Frequency-Stable Laser Enhances Optical Satellite Navigation

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BERLIN, June 19, 2018 — Scientists report that an active optical frequency reference based on molecular iodine was successfully tested for the first time in space. Results of the JOKARUS experiment (German acronym for iodine comb resonator under weightlessness) could be a step toward laser interferometric distance measurements between satellites, and future global navigation satellite systems based on optical technologies.

JOKARUS experiment successfully demonstrates frequency-stable laser systems in space. FBH and HU Berlin.
The system used to demonstrate the first optical frequency standard based on molecular iodine in space. Courtesy of HU Berlin/Franz Gutsch.

The experiment demonstrated the fully automated frequency stabilization of a frequency-doubled 1064-nm extended cavity diode laser (ECDL) on a molecular transition in iodine. The 1064-nm diode laser module was completely encapsulated in a 125- × 75- × 22.5-mm package. It delivered an optical power of 570 mW within the linewidth of the free-running laser of 26 kHz (full width half maximum, 1 ms measurement time).

Scientists used a polarization-maintaining, optical single-mode fiber to divide the laser light into two paths. The laser beams were then modulated, frequency-doubled, and processed for Doppler-free saturation spectroscopy.

The centerpiece of the laser system is a microintegrated ECDL MOPA (master oscillator power amplifier), with an ECDL as a local oscillator (i.e., a master oscillator or MO) and a ridge waveguide semiconductor amplifier acting as a power amplifier, or PA.

During frequency reference tests carried out in May 2018 on board a sounding rocket, the compact laser system demonstrated its suitability for space. To provide a basis for comparison, a frequency measurement with an optical frequency comb from a separate experiment was performed during the same space flight.

A micro-integrated diode laser module (ECDL-MOPA) from the Ferdinand-Braun-Institut emitting at a wavelength of 1,064 nm.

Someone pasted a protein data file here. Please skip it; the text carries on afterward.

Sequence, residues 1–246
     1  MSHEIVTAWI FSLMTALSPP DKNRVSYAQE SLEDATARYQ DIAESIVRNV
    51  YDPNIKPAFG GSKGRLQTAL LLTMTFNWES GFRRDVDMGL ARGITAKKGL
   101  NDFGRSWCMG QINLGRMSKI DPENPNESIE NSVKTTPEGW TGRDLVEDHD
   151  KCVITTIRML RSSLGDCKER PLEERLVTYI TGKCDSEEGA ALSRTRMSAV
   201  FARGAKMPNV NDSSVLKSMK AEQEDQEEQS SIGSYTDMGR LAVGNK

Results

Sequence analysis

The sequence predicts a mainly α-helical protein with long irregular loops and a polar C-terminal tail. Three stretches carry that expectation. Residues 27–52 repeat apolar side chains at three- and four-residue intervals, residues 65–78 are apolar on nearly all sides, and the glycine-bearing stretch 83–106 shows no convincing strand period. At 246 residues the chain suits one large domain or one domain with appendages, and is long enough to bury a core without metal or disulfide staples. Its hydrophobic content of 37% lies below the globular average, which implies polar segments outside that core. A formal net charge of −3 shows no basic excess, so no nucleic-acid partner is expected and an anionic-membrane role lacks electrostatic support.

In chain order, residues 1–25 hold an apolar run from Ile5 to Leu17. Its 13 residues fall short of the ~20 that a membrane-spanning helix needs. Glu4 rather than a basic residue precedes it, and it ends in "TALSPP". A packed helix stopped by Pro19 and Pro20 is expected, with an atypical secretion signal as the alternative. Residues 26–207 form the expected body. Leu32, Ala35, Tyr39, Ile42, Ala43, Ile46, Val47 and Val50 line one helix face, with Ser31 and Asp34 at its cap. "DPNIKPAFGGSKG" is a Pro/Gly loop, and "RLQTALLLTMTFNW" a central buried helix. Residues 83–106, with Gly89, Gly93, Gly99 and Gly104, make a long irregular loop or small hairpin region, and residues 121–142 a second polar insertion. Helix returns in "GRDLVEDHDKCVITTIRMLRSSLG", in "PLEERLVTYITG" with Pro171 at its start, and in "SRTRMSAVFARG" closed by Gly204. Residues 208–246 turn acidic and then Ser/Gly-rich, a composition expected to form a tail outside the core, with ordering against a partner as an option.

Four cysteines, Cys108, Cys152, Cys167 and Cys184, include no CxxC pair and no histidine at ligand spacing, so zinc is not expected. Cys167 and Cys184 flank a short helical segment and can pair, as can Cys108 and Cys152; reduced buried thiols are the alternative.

A microintegrated diode laser module (ECDL-MOPA) from the Ferdinand-Braun-Institut emitting at a wavelength of 1064 nm was successfully used in space. Courtesy of FBH/

The JOKARUS payload was developed and implemented under the direction of the Humboldt-Universität zu Berlin (HU Berlin) and by the Ferdinand-Braun-Institut (FBH). A quasi-monolithic spectroscopy module was provided by the University of Bremen. The operating electronics were provided by Menlo Systems.

The results of the JOKARUS experiment represent a milestone toward the use of optical clocks in space. Optical clocks in space could be used for satellite-based navigation systems that would provide data for accurate positioning and for fundamental physics research, including the detection of gravitational waves and measurements of the gravitational field of the Earth.

A press release on JOKARUS is available here.

Published: June 2018
optical clock
An optical clock is a highly precise and advanced timekeeping device that relies on the oscillations of electromagnetic radiation in the optical or ultraviolet part of the electromagnetic spectrum. Unlike traditional atomic clocks, which use microwave frequencies, optical clocks operate at much higher frequencies, typically involving transitions in atoms or ions at optical wavelengths. Optical clocks have the potential to provide unprecedented accuracy and stability in timekeeping. Key points...
Research & TechnologyEuropeeducationLasersdiode lasersOpticsspectroscopylaser measurementTest & Measurementaerospaceoptical clockCommunicationssatellite navigation systemoptical frequency standardmolecular iodineEuro News

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